Space ace

Posted on 7 May 2008 by The Manufacturer

Sir Martin Sweeting, businessman, manufacturer and research professor, tells Gay Sutton how he intends to place UK industry at the very heart of the global effort to conquer space

Professor Sir Martin Sweeting OBE holds a unique position: he successfully bridges the gap between the academic world and the business of manufacturing. He has a foot firmly in each of these seemingly opposite camps. On the one hand he is founder, CEO and now chairman of Surrey Satellite Technology Limited (SSTL), while on the other hand he is director of the University of Surrey Space Centre where he guides the efforts of 50 PhD students. “It’s that mixture I find most personally rewarding. If I was purely an academic, I think I’d get quite frustrated. And the pure commercial I find also just a little bit short focused.”
Sir Martin has made the synergy between the two work in an economically profitable way. SSTL has carved an enviable position as the world’s leading authority in the design and manufacture of small satellites, exporting its products to governments and businesses around the globe, including the US, China, Japan and Russia. SSTL satellites provide an enormous range of services including GPS for global navigation systems – and where would we be without our sat navs – data for disaster assessment and monitoring, and crop recognition and monitoring. The company has concentrated on technology to reduce the size of its satellites, improve their technological capability and lower the costs dramatically. “Seven or eight years ago our satellites would have been twice the size of this room and would have cost 10 or 20 times as much. Now they are the size of this table.”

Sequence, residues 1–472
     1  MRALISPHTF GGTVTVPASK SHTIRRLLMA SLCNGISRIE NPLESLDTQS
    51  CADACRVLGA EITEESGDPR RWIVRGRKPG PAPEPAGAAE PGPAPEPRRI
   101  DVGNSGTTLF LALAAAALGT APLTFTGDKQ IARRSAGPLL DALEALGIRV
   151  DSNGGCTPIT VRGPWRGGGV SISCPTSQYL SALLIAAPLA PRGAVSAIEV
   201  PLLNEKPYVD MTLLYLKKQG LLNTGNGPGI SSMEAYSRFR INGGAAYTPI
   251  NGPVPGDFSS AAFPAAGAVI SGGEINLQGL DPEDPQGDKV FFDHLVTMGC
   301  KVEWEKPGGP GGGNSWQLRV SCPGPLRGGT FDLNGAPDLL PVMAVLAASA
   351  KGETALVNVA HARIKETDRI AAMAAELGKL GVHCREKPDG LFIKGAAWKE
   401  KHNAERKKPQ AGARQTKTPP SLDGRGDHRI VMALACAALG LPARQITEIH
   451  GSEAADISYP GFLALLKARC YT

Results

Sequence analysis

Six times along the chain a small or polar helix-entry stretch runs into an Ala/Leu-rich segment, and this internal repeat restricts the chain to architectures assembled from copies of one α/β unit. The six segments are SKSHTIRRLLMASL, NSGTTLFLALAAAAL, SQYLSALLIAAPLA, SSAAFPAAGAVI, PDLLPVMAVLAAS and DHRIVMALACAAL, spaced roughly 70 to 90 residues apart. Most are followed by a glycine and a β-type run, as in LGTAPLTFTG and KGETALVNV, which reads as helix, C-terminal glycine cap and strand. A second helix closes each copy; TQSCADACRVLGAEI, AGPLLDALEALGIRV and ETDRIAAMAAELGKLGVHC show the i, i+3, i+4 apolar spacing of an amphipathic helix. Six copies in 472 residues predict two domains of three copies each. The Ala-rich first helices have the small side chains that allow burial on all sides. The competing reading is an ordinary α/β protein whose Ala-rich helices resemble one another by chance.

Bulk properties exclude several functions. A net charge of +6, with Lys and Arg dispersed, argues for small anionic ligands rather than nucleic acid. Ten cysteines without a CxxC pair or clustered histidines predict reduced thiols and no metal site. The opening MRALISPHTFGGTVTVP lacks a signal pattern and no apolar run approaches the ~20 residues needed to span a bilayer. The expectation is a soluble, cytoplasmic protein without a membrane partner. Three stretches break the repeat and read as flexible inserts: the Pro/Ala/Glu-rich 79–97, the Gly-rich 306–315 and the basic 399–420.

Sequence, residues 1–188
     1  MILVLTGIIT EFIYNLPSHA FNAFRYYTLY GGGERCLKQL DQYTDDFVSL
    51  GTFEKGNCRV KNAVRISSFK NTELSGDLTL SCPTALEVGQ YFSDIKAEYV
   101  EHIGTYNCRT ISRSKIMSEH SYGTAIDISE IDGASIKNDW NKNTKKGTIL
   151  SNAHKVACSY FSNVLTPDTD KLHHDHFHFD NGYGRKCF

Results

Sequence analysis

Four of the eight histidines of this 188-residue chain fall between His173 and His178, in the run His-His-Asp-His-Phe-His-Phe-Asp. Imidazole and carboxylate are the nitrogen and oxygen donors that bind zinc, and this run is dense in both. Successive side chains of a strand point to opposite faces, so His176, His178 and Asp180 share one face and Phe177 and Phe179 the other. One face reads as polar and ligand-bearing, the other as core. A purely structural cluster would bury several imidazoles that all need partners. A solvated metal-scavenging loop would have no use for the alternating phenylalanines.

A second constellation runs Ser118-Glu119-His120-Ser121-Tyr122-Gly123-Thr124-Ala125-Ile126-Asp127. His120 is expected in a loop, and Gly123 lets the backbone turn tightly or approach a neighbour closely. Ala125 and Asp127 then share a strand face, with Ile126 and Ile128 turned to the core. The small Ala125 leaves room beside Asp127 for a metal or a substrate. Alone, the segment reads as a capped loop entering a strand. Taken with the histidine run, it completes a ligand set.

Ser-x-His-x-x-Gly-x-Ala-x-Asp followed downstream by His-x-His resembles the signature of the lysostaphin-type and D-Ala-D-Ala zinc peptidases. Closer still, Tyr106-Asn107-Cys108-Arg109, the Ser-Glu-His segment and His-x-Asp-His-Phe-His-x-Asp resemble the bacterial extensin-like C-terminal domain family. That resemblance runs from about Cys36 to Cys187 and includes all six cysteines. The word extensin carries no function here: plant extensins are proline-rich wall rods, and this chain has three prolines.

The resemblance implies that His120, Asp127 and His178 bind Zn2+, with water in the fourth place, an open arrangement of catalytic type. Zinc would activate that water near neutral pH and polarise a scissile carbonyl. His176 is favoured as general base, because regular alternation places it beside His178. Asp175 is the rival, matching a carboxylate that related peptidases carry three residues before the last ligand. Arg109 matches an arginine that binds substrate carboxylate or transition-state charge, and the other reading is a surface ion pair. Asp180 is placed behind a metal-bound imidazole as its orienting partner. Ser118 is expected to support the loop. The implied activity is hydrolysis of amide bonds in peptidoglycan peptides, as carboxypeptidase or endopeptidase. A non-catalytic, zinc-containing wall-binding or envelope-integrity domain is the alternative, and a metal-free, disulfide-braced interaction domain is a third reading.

Sir Martin is determined that, as the world gears up to send men to the Moon and Mars, the UK will utilise its technological capability and play a key role. “In the 1880s gold rush, people rushed out and dug for gold. Not many made much money. Those who really profited were the folk that ran the railways, provided the hotels and the food, the shovels and water and so on. We can’t possibly afford… a proper manned space mission. But rather like the railroad people, we can provide the infrastructure to support these exploration programmes.”
If the UK just “sits on its backside and watches what happens,” he believes it will be incredibly difficult to join the party later. “We should play on our strengths in small satellites, robotics, communication and navigation, and play a small but niche role in the international exploration programme. Then use that to create economic benefit. It will also get [us] a seat at the table when they’re sending teams to the Moon and the UK wants to have a national presence.”
Sir Martin has been working on the concept for over 10 years. “We started in 1996, so patience is a virtue in this game.” As well as leading the initiative and being very passionate about it, he has also produced a solid and persuasive business plan.